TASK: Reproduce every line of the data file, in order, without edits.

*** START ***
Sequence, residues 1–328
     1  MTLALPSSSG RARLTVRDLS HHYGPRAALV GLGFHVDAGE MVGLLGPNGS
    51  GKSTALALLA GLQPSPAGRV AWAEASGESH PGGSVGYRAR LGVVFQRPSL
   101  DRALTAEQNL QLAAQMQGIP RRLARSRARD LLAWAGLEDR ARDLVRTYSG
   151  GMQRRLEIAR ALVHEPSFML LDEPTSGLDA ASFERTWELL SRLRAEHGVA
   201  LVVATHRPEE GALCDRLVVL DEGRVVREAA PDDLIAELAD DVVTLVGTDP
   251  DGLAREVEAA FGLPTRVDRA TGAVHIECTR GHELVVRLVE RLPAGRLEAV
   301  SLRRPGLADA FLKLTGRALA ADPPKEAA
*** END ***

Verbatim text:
Sequence, residues 1–328
     1  MTLALPSSSG RARLTVRDLS HHYGPRAALV GLGFHVDAGE MVGLLGPNGS
    51  GKSTALALLA GLQPSPAGRV AWAEASGESH PGGSVGYRAR LGVVFQRPSL
   101  DRALTAEQNL QLAAQMQGIP RRLARSRARD LLAWAGLEDR ARDLVRTYSG
   151  GMQRRLEIAR ALVHEPSFML LDEPTSGLDA ASFERTWELL SRLRAEHGVA
   201  LVVATHRPEE GALCDRLVVL DEGRVVREAA PDDLIAELAD DVVTLVGTDP
   251  DGLAREVEAA FGLPTRVDRA TGAVHIECTR GHELVVRLVE RLPAGRLEAV
   301  SLRRPGLADA FLKLTGRALA ADPPKEAA